Easter blessings from UCAN
There is no more important week in the year for Christians than this Holy Week. We call it Holy because of the mystery we celebrate - God's gift of His son who loves us to his death on Calvary and beyond.
Because of that love, we wish each other Happy Easter even when we know there is a lot of tragedy about it - Good Friday. As Christians, we know that what we see happening with and in Jesus goes to the heart of what we know from our own experience of life.
At the Second Vatican Council, the Christian lives we all lead were described as being shares in the Paschal Mystery. We have our share in the death and resurrection of Jesus every day. Our lives are part of the Paschal Mystery.
At UCAN, we work to describe that mystery in the unfolding tragedies and astonishing blessings of the people we seek out and report, feature and comment on.
While at times deeply distressing work, this effort of ours gets its coherence in the same way the death of Jesus did - because of the astonishing grace of a God who never gives up on life and love.
Because of that, we can wish you Happy Easter.
Fr. Michael Kelly SJ
Muslim man burned alive by mob
Attacks for blasphemy violations spark fear of growing intoleranceProtesters demonstrate against religious violence in Lahore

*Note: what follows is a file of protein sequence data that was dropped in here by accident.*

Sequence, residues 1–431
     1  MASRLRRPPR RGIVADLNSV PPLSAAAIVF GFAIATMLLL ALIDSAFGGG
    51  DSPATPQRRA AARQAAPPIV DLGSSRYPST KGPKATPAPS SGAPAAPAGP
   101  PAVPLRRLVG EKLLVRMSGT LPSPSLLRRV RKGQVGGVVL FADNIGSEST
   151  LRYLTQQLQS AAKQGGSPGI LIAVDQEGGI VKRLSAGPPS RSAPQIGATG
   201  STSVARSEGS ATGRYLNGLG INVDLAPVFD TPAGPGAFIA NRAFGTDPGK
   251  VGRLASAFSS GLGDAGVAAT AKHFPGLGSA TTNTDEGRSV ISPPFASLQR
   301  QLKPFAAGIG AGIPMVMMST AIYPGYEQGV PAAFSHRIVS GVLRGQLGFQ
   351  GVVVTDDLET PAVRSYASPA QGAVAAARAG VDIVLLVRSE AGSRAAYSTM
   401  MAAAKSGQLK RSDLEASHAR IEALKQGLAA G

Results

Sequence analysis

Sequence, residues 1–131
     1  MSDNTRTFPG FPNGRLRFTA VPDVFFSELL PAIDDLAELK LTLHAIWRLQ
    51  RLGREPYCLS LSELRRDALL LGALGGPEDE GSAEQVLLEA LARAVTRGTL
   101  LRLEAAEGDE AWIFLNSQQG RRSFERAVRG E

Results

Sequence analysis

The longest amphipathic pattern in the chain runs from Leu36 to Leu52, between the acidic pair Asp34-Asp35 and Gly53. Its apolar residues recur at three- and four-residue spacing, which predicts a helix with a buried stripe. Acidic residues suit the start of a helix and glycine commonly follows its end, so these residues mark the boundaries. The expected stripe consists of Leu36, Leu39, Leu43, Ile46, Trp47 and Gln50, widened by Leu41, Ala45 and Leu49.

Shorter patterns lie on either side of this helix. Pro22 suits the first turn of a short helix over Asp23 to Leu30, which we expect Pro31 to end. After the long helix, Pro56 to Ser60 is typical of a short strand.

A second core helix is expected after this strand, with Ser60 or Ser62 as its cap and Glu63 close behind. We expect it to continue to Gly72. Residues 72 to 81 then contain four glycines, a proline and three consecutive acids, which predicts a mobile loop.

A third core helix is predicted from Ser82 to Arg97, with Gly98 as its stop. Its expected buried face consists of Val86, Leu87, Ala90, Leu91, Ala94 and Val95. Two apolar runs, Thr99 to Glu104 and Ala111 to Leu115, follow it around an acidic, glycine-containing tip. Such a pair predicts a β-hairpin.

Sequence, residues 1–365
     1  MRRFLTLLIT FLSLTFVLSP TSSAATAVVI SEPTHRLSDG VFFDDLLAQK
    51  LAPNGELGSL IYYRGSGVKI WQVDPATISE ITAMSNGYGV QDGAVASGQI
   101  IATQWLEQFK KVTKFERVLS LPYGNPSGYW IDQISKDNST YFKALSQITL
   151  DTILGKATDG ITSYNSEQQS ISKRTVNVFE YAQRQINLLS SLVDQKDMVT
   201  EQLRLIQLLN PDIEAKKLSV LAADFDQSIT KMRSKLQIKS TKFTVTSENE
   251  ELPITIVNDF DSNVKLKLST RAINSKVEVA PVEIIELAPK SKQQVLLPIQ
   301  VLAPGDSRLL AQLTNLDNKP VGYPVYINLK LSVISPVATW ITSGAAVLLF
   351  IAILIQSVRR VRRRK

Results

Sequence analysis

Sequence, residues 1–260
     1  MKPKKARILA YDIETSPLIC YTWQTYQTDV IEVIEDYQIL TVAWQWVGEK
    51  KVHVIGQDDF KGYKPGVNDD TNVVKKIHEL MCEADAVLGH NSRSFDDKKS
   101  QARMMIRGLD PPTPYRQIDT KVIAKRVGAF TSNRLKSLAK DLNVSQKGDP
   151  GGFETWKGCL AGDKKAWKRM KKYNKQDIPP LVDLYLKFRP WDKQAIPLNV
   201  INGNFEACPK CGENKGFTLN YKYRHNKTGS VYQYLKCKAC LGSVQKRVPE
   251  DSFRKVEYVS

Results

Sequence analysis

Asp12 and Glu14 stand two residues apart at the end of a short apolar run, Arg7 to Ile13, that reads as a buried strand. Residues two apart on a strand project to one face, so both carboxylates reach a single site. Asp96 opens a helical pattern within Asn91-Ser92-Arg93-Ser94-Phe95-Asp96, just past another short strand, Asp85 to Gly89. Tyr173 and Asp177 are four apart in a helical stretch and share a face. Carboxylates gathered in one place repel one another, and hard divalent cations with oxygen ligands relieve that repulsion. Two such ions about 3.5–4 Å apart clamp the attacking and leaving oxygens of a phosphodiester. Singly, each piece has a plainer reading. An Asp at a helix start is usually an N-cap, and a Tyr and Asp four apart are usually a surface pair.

- ucanews.com reporter, Chani Goth
- July 4, 2012
Ghulam Abbas was arrested this week but was dragged out of his cell yesterday by an angry mob and set on fire at a crossroads in Chani Goth in Punjab province.
Local media reports said eight police officers were injured and four police vehicles vandalized by the mob.
Father Samuel Raphael of St. Dominicâ€™s Church in Bahawalpur, 60 kilometers from Chani Goth, said the attack was a sign of growing lawlessness and religious intolerance that had many Christians in the area concerned for their safety.
â€śThis signifies an inhuman society that is growing intolerant at a dangerous pace. The controversial blasphemy laws were specifically designed to handle such issues, but people are now taking matters into their own hands,â€ť he said.
â€śSome say Abbas was mentally ill, but he never got a chance to prove his innocence,â€ť the priest added.
The day before the burning of Abbas, a mob beat another Muslim man in Faisalabad for allegedly uttering derogatory remarks about the Prophet Mohammad. Police eventually rescued the man, but the mob reportedly blocked a road and chanted for the death of the accused man.
Two Muslims and a Christian, all accused of blasphemy, have been killed this year, according to the National Commission for Justice and Peace (NCJP) within the Catholic Bishopsâ€™ Conference of Pakistan, and 88 people including 64 Muslims and 17 Christians have been victimized by blasphemy laws from January last year through May 2012.
â€śPolice are becoming conscious of the misuse of these allegations, which are still a low priority for the government. The lives of human rights defenders are under threat due to increasingly aggressive attitudes,â€ť said Peter Jacob, executive secretary of the NCJP.
â€śThe chance is perhaps lost to form public opinion against blasphemy laws.â€ť
Book tackles thorny blasphemy issue